Your trainer sounds rather unprofessional.
A number of things could be contributing to your problem, but don't feel bad about it.
Happens to everyone.
Your trainer probably wanted to challenge you with this green horse. Does this horse normally have such an issue with forward movement and transitions? Can you make this horse walk fast versus slow? Do you have a lot of leg on your horse even while you're not asking for anything?
If your trainer can make this horse trot perfectly on cue, and assuming this horse is not in pain (coughcough), I'd be inclined to think that (1) you are tense, and (2) maybe your cue is a little muddled. Are you blocking the horse's forward movement with your hands? Is your cue very definitive, and do you maybe have a preparation cue (like exhaling, or something verbal)?
When I ask for a trot, I first ask my horse for a swinging, energetic walk where his hind end is as engaged as I can get it (still working on that...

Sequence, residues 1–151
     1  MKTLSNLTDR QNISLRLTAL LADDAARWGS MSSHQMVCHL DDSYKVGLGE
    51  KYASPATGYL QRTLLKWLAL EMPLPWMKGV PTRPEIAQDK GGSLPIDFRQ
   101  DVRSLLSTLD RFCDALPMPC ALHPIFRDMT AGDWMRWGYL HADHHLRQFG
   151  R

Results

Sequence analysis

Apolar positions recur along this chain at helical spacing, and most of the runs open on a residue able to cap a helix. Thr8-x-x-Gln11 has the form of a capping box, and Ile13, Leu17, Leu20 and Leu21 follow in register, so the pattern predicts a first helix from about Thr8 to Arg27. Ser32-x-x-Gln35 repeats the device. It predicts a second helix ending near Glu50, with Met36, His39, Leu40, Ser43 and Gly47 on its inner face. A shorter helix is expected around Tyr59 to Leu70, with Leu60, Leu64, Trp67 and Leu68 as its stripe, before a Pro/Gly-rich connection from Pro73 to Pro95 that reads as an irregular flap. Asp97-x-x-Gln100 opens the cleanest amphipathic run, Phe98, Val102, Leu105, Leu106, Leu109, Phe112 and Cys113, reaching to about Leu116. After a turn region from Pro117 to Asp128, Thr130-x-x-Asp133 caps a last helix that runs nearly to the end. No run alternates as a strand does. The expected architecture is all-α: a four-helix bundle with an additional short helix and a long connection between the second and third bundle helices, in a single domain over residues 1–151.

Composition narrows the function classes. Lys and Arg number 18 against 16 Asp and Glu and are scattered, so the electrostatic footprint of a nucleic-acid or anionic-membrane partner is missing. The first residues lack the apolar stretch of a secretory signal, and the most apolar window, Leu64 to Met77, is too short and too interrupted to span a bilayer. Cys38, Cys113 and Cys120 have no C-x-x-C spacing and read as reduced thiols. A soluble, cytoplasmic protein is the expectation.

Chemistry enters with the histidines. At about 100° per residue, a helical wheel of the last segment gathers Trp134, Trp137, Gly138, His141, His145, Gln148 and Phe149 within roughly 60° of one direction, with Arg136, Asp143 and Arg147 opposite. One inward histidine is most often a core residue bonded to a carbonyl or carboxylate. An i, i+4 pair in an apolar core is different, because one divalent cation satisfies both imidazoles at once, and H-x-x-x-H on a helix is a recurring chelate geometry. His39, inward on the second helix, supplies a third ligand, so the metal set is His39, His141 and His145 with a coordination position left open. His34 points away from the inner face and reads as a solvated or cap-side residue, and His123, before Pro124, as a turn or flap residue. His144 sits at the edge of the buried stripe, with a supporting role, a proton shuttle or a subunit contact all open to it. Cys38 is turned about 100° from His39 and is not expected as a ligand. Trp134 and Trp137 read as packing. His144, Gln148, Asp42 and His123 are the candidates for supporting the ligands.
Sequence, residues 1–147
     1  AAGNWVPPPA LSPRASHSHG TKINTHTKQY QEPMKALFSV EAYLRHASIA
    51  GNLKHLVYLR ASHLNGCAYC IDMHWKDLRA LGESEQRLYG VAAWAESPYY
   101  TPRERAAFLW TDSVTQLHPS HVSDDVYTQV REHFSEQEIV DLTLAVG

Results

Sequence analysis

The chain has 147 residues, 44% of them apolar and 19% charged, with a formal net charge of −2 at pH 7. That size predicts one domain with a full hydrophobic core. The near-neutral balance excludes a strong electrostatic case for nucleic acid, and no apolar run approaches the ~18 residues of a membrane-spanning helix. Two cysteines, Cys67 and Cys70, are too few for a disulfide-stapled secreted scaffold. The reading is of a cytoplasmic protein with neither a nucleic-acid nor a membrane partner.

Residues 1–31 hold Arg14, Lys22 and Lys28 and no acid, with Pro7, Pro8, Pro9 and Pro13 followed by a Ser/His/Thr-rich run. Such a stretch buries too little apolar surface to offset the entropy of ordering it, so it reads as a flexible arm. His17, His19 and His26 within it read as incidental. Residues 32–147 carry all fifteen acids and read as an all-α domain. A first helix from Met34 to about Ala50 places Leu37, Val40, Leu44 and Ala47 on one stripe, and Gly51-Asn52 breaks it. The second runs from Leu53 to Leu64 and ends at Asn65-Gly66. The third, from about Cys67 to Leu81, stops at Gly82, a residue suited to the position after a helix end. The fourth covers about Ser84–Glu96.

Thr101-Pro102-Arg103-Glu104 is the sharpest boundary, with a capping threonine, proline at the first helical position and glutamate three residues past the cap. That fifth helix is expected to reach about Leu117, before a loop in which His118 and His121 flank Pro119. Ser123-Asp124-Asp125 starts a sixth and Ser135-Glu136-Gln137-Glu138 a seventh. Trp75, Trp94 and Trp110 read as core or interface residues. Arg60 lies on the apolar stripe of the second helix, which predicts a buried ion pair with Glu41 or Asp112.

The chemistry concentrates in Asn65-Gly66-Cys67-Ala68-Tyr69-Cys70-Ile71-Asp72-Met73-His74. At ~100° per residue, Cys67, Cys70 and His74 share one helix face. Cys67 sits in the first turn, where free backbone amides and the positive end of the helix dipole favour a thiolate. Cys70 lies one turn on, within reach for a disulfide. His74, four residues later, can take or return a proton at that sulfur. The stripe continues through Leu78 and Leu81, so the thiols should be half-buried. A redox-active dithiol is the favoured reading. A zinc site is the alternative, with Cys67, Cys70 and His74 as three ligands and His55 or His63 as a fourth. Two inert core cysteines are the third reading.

). I might do this by "pushing" his barrel side to side with one leg and then the other to ask him for more energy. This will make the transition easier. If your horse is lazing along on his forehand and you suddenly ask for a trot, he isn't prepared and will probably move along at an agitated, faster walk or shuffle into some semblance of a sloppy trot.
When my horse is swinging along at the walk, I will start to think about my trot cue. Before the cue, I will count in my head "one, two, three" or say outloud "aaand trot," and give my cue which is a very distinct squeeze with both legs. If you need more refinement, you can use the edge of your heel or a tiny pair of nub spurs (if you are capable of riding with them) to give that squeeze some more specificity so that your horse can say "okay, this is different from what I've been feeling all along."
If your horse doesn't listen after this point, then your instructor absolutely needs to weigh-in. But keep in mind... transitions are all about preparation! If your horse is prepared and you are relaxed, that transition can be smooth and timely.